i=1Ji. For any fixed p ∈ 2N, the uniform continuity of Φ(p) allows us to choose an increasing sequence of positive integers {mk} such that for each k ≥ 1 and s ∈ Qmk

i=1Ji, the diameter of the set Φ(p)([s]) is less thanεk/4. (Here [s] denotes those elements of Λ which begin with s.) Moreover, as the map Φ is continuous, Φ(2N) is a uniformly equicontinuous subset of C(Λ, X); so we may in fact choose {mk} independent ofp. Hence, we have an increasing sequence of positive integers{mk} such that for all p∈ 2N and all k ≥ 1 and s ∈ Qmk

i=1Ji, the diameter of the set Φ(p)([s]) is less thanεk/4.

By the uniform continuity of Φ we can choose an increasing sequence of integers {lk} such that if p, p0 ∈2N satisfyp|lk =p0|lk, thend(Φ(p),Φ(p0))< εk/4. (Here,


dis the “sup” metric onC(Λ, X).) Note that this implies in particular that for all q∈ {0,1}lk and s∈Qmk

i=1Ji, the diameter of the setEs,q:=

Φ(p)([s]); p|lk =q is less thanεk. This, in turn, implies (by the choice ofεk) thatEs,q is contained in an open set Vt for somet ∈ Qk

i=1Ji; and, moreover, that if Es,q was already known to be contained inV

etfor someet∈Qk−1

i=1 Ji, then tmay be chosen to be an extension ofet. Let us summarize what we have:

(i) For all k≥1, for all q∈ {0,1}lk and for alls∈Qmk

i=1Ji, there existst=t(q, s)∈Qk

i=1Jisuch that for allp∈2N extendingq, we have that Φ(p)([s])⊂Vt.

(ii) Everything can be done recursively in such a way that ifk0≥k, q0 ∈ {0,1}lk0 is an extension ofq ands0 ∈Qmk0

i=1Ji is an extension ofs, thent0=t0(q0, s0) is an extension oft.

Let us now define the desiredF : 2N→ C(Λ,Λ). Fixp∈2N. Then,F(p) : Λ→Λ is defined as follows. For each α ∈ Λ, we define F(p)(α) so that for all k ≥ 1, F(p)(α)|k =t(p|lk, α|mk). By the above, F(p) is a well-defined function, and it is continuous. Moreover, F itself is continuous: if p, p0 ∈2N with p|lk = p0|lk, then d(F(p), F(p0))< εk <2−k. That Φ(p) =πF(p) for all p∈2N follows in the same

manner as in [8].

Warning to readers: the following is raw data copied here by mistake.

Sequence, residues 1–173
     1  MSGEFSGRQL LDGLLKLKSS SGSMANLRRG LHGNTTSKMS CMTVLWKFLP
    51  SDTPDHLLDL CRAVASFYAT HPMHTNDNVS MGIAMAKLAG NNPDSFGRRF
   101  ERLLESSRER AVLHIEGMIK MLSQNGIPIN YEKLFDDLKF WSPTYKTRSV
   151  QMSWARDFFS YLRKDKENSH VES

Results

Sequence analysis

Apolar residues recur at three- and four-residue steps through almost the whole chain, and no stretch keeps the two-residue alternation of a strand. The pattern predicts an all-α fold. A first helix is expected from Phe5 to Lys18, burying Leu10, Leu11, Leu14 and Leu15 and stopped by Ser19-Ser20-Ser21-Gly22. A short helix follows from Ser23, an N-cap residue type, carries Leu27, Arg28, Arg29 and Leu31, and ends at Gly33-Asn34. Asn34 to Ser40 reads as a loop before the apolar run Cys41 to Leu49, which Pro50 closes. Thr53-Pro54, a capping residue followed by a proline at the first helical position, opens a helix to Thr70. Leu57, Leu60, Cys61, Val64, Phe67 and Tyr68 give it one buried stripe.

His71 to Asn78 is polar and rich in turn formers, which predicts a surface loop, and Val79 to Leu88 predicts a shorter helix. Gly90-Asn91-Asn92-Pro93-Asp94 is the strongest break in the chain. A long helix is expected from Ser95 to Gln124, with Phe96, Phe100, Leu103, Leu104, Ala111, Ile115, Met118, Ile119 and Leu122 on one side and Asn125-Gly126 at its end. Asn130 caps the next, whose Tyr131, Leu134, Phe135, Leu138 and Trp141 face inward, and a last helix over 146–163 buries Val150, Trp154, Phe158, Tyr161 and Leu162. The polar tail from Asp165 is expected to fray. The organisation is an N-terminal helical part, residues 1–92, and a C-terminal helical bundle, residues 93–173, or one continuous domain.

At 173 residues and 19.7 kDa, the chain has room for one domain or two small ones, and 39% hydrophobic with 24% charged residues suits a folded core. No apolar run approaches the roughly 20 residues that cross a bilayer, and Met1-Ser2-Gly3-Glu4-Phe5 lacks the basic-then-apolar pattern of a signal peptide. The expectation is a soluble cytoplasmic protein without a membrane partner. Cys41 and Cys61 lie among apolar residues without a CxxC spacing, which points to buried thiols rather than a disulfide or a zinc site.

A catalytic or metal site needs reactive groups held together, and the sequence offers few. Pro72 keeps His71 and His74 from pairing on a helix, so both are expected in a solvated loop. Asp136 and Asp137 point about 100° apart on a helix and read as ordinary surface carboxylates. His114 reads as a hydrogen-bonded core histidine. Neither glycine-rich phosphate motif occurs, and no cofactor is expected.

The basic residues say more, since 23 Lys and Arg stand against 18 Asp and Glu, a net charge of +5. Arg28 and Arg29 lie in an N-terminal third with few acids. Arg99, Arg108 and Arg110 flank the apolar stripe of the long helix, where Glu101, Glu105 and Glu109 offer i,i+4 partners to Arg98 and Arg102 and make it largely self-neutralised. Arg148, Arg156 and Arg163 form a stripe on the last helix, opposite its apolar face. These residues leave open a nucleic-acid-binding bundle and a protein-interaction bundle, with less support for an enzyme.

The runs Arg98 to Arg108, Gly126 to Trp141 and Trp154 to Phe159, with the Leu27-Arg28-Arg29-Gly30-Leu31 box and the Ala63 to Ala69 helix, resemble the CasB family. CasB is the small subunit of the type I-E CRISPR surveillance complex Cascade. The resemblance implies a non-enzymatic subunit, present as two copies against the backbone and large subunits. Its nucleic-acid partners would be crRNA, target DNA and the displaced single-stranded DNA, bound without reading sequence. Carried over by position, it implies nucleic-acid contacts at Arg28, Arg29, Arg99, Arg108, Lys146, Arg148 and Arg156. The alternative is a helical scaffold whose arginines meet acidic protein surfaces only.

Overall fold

Corollary 4.9. Let X be a compact metric space and let M be a compact subset of C(X, X). Then, there is a compact setN ⊆ C(2N,2N)such that everyT ∈ Mis a factor of someS∈ N.

Proof. SinceMis compact and metrizable, there is a mapG: 2N→ C(X, X) such that M =G(2N). Now, choose a map π : 2N → X having the strong extension property, and consider the map Φ : 2N → C(2N, X) defined by Φ(p) = G(p)π.

Let F : 2N → C(2N,2N) be a map such that Φ(p) = πF(p) for all p∈ 2N. Then G(p)π= Φ(p) =πF(p), so thatG(p) is a factor ofF(p) for everyp∈2N (because

πis onto). Hence, we may takeN :=F(2N).

Lemma 4.10. Let N be a compact subset of C(2N,2N). Then, there exists map UN :NN→NN such that everyS∈ N is factor ofUN.

Proof. Recall first that the Polish spaceC(2N,2N) is homeomorphic toNN. Indeed, it is easy to check thatC(2N,2N) is 0-dimensional (because 2Nis), and it is also easy to convince oneself that every equicontinuous family of self-maps of 2Nhas empty interior inC(2N,2N), so thatC(2N,2N) is nowhere compact.

AsN is a compact subset ofC(2N,2N)'NN, we may enlarge it if necessary and assume thatN is homeomorphic to 2N. ThenZ:=C(N,2N) is homeomorphic to NN. Now we define UN : Z→ Zas in the proof of Proposition 4.4 (changing the notation slightly): if z ∈ Z then UN(z)(S) := S(z(S)) for every S ∈ N. Then UN is easily seen to be continuous (recall that Z=C(N,2N) is endowed with the topology of uniform convergence), and the evaluation mapπS atSshows that each S∈ N is a factor ofUN. (To see thatπS :Z→2Nis onto, consider constant maps


Lemma 4.11. Let Z:= 2N orNN, and letU1, U2, . . .be maps fromZtoZ. Then, there is a mapU :Z→Zsuch that eachUn is a factor ofU.


Proof. The only property needed on the space Z is that Z is homeomorphic to ZN. Define U : ZN → ZN by U(z1, z2, . . .) := (U1(z1), U2(z2), . . .). Then, T is continuous. Moreover, if πn : ZN → Z is the projection of ZN onto the n-th coordinate, we have that πnU =Unπn for all n≥1. Identifying ZN withZ, this

shows thatU has the required property.

Proof of Theorem 4.7. LetFbe aσ-compact ofC(X, X), and writeF=S n=1Mn

whereMn are compact sets. By Corollary 4.9, we may choose compact setsNn⊆ C(2N,2N) such that everyT ∈ Mn is a factor of someS ∈ Nn. By Lemma 4.10, we may choose for each n a map Un : NN → NN such that every S ∈ Nn is a factor ofUn. Now, by Lemma 4.11, there is a map U :NN →NN such that each mapUn is factor ofU. Since factors of factors are again factors, we may thus take

UF :=U.

4.3. Lifting to the Cantor space. The appearance of the Baire space NN in Theorem 4.7 may look rather surprising since we are dealing with self-maps of compact metric spaces. This suggests the following question.

Question 4.12. LetX be a compact metric space. For which familiesF ⊆ C(X, X) is it possible to find a common extensionU defined on the Cantor space 2N?